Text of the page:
Comment: Perfect Wendy

      • And … Even more ..

        Comment: Exactly Jess! I couldn’t agree more. Individuals with Autism have soooo much to offer this world. They’re a blessing. That’s why I can’t understand the harm in ‘wondering’ if the royal couple may have been blessed with an incredible kid like ours. I think that would make them lucky. The people that are putting shame on you for voicing it… I don’t even know what to say to them. We’re supposed to be a community. Of course we all think differently and we all have different experiences and opinions, but that doesn’t mean it’s ok to say hurtful things or put shame on others for having a thought! We should be supporting each other. And yes, Brooke may be on the high-functioning end of the spectrum (like I saw someone mention below), but she (and your family) face a unique set of challenges for that reason, just like I do with my low-functioning non-verbal daughter. It doesn’t make your path easier than mine. It’s just different. xx

        Comment: it’s a very interesting point to ponder that Jess puts forward: would would happen if….? for our particular family the emotional and financially ruinous fallout of having our beautiful son be on the spectrum suggests that the royal family would not be subject to that stress – possibly the #1 stress (how to pay for all the therapies). The financial stress is closely related to the ‘fear of the future’ stress – this prince, whether on the autism spectrum, or not will be cared for long after his parents are gone…if i had those financial and future assurances, i don’t think it would seem horrifying to wish ‘this” on someone else – and by ‘this’ I mean financial ruin, I don’t mean being on the autism spectrum.

        Comment: @Ann I am an autistic adult. I feel for you and your son. I had years when I just be very depressed about being different and wishing I could be “normal”. It’s hard and life was tough as a kid. I also have UC so it’s fun all around! #sarcasm. But I do think he will get better as he gets older. I can’t say for sure but I have. Not every day is great but I for sure know no one is normal and I like my personality, I just get down about the hard stuff at times. (As I’m sure everyone does). I really wish you and especially your son well! 🙂

        Comment: My son asked if he could go for a walk when he was feeling angry today. His teacher called me delightedly. What is normal these days? We just want our kids to be healthy, happy, loved and accepted. Oh and let’s throw in gorgeous – that is a given, right Mums?

        Comment: @Holly Thank you so much for your reply. I can’t tell you how much it means that someone with similar challenges can tell me about their journey. Really, the hope I have is based on my son getting better as he matures. That maybe he will start to be able to reason with himself when he has difficulties. I know that he will still have challenges but I also want him to be proud of himself and happy.

  5. I wondered the same thing. And even if it was a “hope” instead of a “wonder,” I fail to see where that would be hoping for something bad. Challenging – absolutely. But bad? My husband and I are constantly in awe of our three autistic children. While we, as parents, have only been blessed to be on this journey for a few years now, instead of the lifetime of experience your autistic readers have under their belts, that’s exactly how we feel about it- blessed. My kids are at three very different points on the spectrum – so this is not a my kid is high functioning so it’s all rainbows and butterflies. It has just been such an amazing experience to get a glimpse of this world through their eyes – they see things in such an amazing and different way. And even those difficult time – and there are many- help us to understand just a bit more. I wondered too. And there is just a little piece of me that does hope – yes hope- for friends to get even just a taste of how truly awesome the experience of parenting, of getting to know on such an intimate level, an autistic Person. It is hard, but wow, I just wouldn’t have them any other way.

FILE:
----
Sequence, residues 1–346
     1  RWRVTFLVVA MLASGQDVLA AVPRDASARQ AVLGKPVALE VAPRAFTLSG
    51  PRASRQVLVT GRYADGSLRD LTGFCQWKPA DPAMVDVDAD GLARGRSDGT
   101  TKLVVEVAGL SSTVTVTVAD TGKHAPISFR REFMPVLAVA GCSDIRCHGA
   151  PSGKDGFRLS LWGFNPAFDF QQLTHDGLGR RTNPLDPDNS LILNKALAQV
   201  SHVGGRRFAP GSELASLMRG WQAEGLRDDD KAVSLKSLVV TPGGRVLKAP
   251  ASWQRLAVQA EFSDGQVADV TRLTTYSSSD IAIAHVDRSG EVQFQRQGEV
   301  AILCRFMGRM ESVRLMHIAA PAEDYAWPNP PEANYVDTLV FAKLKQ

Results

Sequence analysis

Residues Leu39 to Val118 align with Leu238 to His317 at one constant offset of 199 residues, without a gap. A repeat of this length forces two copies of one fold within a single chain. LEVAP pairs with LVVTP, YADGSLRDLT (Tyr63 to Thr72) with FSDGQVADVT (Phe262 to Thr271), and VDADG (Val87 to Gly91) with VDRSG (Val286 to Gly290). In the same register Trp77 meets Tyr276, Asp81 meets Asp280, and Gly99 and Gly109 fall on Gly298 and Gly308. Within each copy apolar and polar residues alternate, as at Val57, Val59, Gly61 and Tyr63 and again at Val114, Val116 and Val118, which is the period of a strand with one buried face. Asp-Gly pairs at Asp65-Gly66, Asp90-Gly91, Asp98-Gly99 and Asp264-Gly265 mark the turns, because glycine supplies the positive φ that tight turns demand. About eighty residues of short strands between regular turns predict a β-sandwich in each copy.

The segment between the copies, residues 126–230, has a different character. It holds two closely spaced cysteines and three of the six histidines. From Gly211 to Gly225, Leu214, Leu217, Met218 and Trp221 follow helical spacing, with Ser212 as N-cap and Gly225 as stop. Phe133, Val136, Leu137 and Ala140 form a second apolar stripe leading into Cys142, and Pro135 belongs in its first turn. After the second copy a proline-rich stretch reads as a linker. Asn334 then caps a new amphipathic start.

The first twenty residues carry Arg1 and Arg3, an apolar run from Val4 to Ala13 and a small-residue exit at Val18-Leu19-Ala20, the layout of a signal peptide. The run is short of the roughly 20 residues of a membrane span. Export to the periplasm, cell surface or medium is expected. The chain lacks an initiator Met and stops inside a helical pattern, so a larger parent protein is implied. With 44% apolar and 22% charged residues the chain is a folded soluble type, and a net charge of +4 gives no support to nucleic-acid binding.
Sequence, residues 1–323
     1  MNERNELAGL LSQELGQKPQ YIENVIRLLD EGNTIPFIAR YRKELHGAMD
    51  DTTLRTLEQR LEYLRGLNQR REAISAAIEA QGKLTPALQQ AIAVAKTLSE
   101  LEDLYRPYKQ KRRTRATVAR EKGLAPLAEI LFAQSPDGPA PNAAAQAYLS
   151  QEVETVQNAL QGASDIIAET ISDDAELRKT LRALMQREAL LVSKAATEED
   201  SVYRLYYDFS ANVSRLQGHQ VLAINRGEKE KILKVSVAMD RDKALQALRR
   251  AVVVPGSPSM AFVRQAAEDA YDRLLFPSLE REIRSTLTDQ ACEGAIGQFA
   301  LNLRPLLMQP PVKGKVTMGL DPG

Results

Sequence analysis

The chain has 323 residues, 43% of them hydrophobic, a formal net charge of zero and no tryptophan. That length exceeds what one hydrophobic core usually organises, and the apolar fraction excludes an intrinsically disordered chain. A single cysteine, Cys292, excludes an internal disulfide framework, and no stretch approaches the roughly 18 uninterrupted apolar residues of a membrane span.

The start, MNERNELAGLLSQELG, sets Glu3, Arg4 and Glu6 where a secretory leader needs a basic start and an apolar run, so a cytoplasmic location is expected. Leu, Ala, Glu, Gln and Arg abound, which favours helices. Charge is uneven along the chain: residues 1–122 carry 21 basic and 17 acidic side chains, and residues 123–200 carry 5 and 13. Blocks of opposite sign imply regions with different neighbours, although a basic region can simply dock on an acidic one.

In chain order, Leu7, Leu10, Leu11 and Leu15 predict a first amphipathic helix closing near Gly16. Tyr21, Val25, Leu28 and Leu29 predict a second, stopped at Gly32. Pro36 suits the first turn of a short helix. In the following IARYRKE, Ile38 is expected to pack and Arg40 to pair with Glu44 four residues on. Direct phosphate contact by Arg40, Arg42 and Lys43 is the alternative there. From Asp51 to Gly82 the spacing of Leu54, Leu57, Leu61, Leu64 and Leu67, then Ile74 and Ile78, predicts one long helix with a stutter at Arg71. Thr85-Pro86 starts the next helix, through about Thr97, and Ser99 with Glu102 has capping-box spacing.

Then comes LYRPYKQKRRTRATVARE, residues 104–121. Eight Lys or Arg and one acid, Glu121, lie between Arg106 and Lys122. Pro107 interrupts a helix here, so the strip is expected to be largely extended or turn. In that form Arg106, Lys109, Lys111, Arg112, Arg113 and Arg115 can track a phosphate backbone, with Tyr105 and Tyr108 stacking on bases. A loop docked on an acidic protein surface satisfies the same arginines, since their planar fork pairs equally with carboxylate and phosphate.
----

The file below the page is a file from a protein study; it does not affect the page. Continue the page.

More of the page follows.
6. I had wondered the same thing. The operative word is “wondered”. Here’s the thing….I wonder about it every time I’m around a baby. What if? Not that it’s a worry/fear/wish/hope it’s just there….what if?
    Ok, maybe it’s I “worry” that there are enough resources, I “fear” the ignorance of the general population and I wish/hope that the parents, family and friends of one of “our kids” knows the blessings and life lessons that I have learned from my son.
    So, yes, when I hear about a “famous” child, I wonder the same thing .

    • “I wonder about it every time I’m around a baby. What if?”

      Me too. All the time. I think most of us looked down at our newborns and just saw the beautiful innocence reflected back in our eyes. Now, as a special needs mom, I peer into the eyes of other people’s babies and ask silently, “Who will you be?” Not in a negative, accusing way. In a smiling way that says, “We have no idea what your future holds, and that is the beauty of life.” Yet another gift that my son’s autism has given me. No assumptions. All accepting.

  7. Oh my, Jess. That post from Facebook, the one where it was said that you’ve got it good with Brook’s high-functioning autism…I might need to go look in the mirror. I think my eyebrows just popped off the top of my head. Let me congratulate her in causing me what I thought was a physical impossibility. And I am so relieved to know how easy you have it. Wow, you should start a blog to tell the world about your easy life with autism. (I sure hope you can hear the sarcasm dripping from my post.)